3. Carlsberg did not believe it was irresponsible in and of itself to use a building site as a location for the ad. They also did not believe the ad linked alcohol with the use of dangerous machinery. They believed it was clear that the building site was used to receiving bulk orders and that it was therefore not unwise or unsafe to deliver a crate of beer to the site. They said the ad showed no further use of machinery after the beer was delivered and they believed it was clear that the workers were shown leaving the site with their packs of Carlsberg unopened. They believed there was no suggestion that Carlsberg was opened or consumed on site or that any work continued after the delivery was made.
Trade Point said no one was shown consuming alcohol or using machinery, and that the mere presence of Carlsberg at the building site did not irresponsibly link alcohol with a location in which drinking would be unsafe or unwise. They also believed it was important to see the ad in the context of the line "If Carlsberg did substitutions", which they believed made it clear that the substitution of beer and a visit by Stuart Pearce for bulk construction materials was completely fanciful.
1. Not upheld
The ASA acknowledged that the men shown in ad (a) appeared to be watching sport together in a pub setting but that none were shown holding or consuming drinks and that the image contained only one pint of beer, albeit in the foreground. We considered that the primary message in the ad was about extended pub opening hours and while the tweet made readers aware that they would be able to go to the pub at times when it would not ordinarily be possible, we did not think it would be seen as an encouragement to drink to excess. We therefore considered that the ad was not irresponsible.
Showing a large wooden crate being delivered to a building site by crane and using the word "BULK" twice during ad (b) created the impression that a large quantity of Carlsberg was being supplied to the site. It was not clear just how many cases of Carlsberg were delivered or how many workers were present, but the closing scenes implied that each worker had received only one case. We acknowledged that no one was shown drinking alcohol and, while the ad was not explicit regarding the manner in which the Carlsberg would be consumed, the ad made reference to "the summer" and the Euros, which took place over a month. We considered the impression was that the alcohol was to be taken away from the site and consumed over a period of time.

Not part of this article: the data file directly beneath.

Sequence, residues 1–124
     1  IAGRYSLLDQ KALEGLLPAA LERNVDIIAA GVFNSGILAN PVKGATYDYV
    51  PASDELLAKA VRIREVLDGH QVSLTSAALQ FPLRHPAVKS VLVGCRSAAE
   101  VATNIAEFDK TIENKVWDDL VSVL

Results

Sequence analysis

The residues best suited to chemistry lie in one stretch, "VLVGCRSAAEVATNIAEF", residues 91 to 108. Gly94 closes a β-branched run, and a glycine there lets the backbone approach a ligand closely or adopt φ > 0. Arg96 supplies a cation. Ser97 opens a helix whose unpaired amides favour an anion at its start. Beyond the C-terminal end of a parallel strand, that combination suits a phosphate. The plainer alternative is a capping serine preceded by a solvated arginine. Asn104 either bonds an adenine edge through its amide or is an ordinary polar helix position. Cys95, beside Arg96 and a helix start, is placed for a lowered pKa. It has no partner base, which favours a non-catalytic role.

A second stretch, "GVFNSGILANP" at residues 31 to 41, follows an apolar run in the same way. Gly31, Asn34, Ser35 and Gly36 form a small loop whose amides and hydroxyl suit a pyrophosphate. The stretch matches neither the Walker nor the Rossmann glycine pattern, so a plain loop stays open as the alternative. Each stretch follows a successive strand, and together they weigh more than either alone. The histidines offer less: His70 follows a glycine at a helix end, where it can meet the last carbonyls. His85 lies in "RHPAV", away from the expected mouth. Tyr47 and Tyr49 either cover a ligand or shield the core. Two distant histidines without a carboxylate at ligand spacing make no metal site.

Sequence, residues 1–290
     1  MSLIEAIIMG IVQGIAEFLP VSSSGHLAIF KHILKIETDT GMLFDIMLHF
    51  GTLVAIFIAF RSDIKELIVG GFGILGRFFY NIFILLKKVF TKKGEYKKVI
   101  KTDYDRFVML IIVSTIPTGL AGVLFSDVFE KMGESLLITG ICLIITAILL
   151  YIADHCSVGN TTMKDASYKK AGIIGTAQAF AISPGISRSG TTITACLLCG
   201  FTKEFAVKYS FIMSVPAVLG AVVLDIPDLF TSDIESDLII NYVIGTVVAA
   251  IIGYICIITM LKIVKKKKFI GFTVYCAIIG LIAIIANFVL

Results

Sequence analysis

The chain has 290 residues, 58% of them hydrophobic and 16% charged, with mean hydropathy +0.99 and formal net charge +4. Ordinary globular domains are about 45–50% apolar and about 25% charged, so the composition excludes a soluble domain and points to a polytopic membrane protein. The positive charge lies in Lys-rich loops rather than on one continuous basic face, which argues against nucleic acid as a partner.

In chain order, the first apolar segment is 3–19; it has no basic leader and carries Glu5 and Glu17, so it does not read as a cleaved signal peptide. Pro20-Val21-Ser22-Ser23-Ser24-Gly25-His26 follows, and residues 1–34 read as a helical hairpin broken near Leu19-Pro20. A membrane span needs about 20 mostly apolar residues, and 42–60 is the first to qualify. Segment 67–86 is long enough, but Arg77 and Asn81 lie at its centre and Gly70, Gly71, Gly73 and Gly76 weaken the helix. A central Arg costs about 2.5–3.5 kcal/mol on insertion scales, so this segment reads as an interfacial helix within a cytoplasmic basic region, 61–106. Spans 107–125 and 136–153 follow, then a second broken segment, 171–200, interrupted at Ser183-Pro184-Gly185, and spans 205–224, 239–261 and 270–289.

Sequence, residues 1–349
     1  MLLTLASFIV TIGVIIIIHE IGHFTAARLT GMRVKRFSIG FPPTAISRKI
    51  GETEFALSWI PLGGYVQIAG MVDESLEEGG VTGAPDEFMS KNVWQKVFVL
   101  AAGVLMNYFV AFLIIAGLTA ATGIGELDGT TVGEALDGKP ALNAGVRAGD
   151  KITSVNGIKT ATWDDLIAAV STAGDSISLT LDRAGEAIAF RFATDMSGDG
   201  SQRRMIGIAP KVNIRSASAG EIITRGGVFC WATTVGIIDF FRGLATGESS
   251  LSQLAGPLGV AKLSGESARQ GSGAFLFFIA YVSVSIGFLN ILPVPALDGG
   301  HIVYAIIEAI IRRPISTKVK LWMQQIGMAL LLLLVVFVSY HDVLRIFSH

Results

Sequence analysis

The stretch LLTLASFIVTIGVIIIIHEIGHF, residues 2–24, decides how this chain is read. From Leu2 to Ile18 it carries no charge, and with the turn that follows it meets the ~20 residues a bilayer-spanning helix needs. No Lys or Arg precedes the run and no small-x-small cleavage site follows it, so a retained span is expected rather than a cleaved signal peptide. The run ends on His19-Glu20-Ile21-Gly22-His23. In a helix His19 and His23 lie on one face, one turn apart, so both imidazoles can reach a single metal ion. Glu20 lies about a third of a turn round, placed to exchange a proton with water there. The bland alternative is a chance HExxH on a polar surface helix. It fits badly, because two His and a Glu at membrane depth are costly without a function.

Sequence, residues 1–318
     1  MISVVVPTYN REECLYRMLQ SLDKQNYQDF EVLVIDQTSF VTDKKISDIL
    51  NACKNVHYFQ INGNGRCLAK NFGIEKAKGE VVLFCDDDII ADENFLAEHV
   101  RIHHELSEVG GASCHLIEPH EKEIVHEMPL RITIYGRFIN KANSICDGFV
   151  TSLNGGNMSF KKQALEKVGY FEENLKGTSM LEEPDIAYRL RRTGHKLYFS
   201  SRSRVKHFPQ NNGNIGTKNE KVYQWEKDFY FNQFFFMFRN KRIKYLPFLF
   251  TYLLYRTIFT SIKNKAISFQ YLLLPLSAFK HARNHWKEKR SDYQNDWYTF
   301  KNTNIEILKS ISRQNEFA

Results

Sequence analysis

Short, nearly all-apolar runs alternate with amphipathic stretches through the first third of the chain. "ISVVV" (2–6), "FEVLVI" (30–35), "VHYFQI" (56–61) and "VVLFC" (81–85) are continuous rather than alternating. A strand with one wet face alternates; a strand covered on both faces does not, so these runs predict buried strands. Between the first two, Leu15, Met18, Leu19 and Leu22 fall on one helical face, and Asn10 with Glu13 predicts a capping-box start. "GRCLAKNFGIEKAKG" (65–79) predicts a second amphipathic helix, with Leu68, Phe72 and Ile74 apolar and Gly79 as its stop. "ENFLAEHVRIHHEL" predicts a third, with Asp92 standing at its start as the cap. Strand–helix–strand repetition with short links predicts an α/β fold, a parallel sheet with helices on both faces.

We again concluded that the overall impression was one that was unlikely to encourage excessive drinking, and that ad (b) was therefore not irresponsible.
On this point we investigated ads (a) and (b) under CAP Code (Edition 12) rule 18.1 18.1 Marketing communications must be socially responsible and must contain nothing that is likely to lead people to adopt styles of drinking that are unwise. For example, they should not encourage excessive drinking. Care should be taken not to exploit the young, the immature or those who are mentally or socially vulnerable. (Alcohol), but did not find it in breach.
2. Not upheld
We acknowledged that the setting of the ad was a working building site rather than a bar or other social venue. Nevertheless, the ad showed a delivery of alcohol after which the building site became the scene of a light-hearted gathering which we considered was, in that sense, a social event. The workers were shown enjoying meeting Stuart Pearce, their free delivery of Carlsberg and being able to stop work to play football.
We noted that rule 18.3 18.3 Marketing communications must not imply that drinking alcohol is a key component of the success of a personal relationship or social event. The consumption of alcohol may be portrayed as sociable or thirst-quenching. stated that ads "must not imply that drinking alcohol is a key component of the success of a personal relationship or social event". Notwithstanding the concerns expressed about ad (b) in point 1 above, we acknowledged that, while the workers appeared pleased to be receiving Carlsberg to carry away, no one was shown consuming it, and we considered the ad therefore did not imply that drinking alcohol was a key component of the success of the particular event. We therefore concluded that the ad did not breach the Code.
On this point we investigated ad (b) under CAP Code (Edition 12) rule 18.3 18.3 Marketing communications must not imply that drinking alcohol is a key component of the success of a personal relationship or social event. The consumption of alcohol may be portrayed as sociable or thirst-quenching. (Alcohol), but did not find it in breach.
We considered that the delivery of a large crate of Carlsberg which was then distributed among the workers, even though none was shown to be opened and drunk, linked alcohol with a building site. Regardless of the possible further link with potentially dangerous machinery, we considered that a building site would be an unsafe and unwise location in which to consume alcohol. Because the ad linked alcohol with that location, we concluded that it breached the Code.
On this point ad (b) breached CAP Code (Edition 12) rule
Marketing communications must not link alcohol with activities or locations in which drinking would be unsafe or unwise.
Marketing communications must not link alcohol with the use of potentially dangerous machinery or driving. Marketing communications may feature sporting and other physical activities (subject to other rules in this section; for example, appeal to under-18s or link with daring or aggression) but must not imply that those activities have been undertaken after the consumption of alcohol. (Alcohol).
Ad (b) must not appear again in its current form. We told Carlsberg UK Ltd and Trade Point to ensure their ads did not link alcohol with locations in which drinking would be unsafe or unwise.